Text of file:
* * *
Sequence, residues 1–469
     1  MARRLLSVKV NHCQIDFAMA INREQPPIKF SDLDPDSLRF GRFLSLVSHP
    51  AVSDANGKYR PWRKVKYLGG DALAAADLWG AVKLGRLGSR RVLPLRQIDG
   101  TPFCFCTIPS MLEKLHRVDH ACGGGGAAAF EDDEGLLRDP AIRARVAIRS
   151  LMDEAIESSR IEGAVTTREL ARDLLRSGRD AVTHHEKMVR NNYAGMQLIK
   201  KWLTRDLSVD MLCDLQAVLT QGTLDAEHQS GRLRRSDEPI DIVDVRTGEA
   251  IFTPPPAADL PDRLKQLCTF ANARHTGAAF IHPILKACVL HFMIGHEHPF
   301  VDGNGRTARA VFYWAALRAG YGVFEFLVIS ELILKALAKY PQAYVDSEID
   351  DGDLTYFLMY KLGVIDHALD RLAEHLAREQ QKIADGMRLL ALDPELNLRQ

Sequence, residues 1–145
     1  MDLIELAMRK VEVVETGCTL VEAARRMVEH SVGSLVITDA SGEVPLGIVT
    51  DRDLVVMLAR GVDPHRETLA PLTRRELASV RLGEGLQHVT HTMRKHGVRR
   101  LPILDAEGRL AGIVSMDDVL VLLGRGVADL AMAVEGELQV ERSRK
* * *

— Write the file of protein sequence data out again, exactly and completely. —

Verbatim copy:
Sequence, residues 1–469
     1  MARRLLSVKV NHCQIDFAMA INREQPPIKF SDLDPDSLRF GRFLSLVSHP
    51  AVSDANGKYR PWRKVKYLGG DALAAADLWG AVKLGRLGSR RVLPLRQIDG
   101  TPFCFCTIPS MLEKLHRVDH ACGGGGAAAF EDDEGLLRDP AIRARVAIRS
   151  LMDEAIESSR IEGAVTTREL ARDLLRSGRD AVTHHEKMVR NNYAGMQLIK
   201  KWLTRDLSVD MLCDLQAVLT QGTLDAEHQS GRLRRSDEPI DIVDVRTGEA
   251  IFTPPPAADL PDRLKQLCTF ANARHTGAAF IHPILKACVL HFMIGHEHPF
   301  VDGNGRTARA VFYWAALRAG YGVFEFLVIS ELILKALAKY PQAYVDSEID
   351  DGDLTYFLMY KLGVIDHALD RLAEHLAREQ QKIADGMRLL ALDPELNLRQ

Sequence, residues 1–145
     1  MDLIELAMRK VEVVETGCTL VEAARRMVEH SVGSLVITDA SGEVPLGIVT
    51  DRDLVVMLAR GVDPHRETLA PLTRRELASV RLGEGLQHVT HTMRKHGVRR
   101  LPILDAEGRL AGIVSMDDVL VLLGRGVADL AMAVEGELQV ERSRK